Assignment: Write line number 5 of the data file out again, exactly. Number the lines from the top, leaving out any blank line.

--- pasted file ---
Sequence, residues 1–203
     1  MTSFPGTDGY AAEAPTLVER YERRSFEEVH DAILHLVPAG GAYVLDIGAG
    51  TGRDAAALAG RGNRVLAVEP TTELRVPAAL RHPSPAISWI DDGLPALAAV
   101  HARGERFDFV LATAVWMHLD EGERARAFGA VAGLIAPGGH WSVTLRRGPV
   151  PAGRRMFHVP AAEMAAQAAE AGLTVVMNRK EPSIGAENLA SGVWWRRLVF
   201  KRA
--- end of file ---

   151  PAGRRMFHVP AAEMAAQAAE AGLTVVMNRK EPSIGAENLA SGVWWRRLVF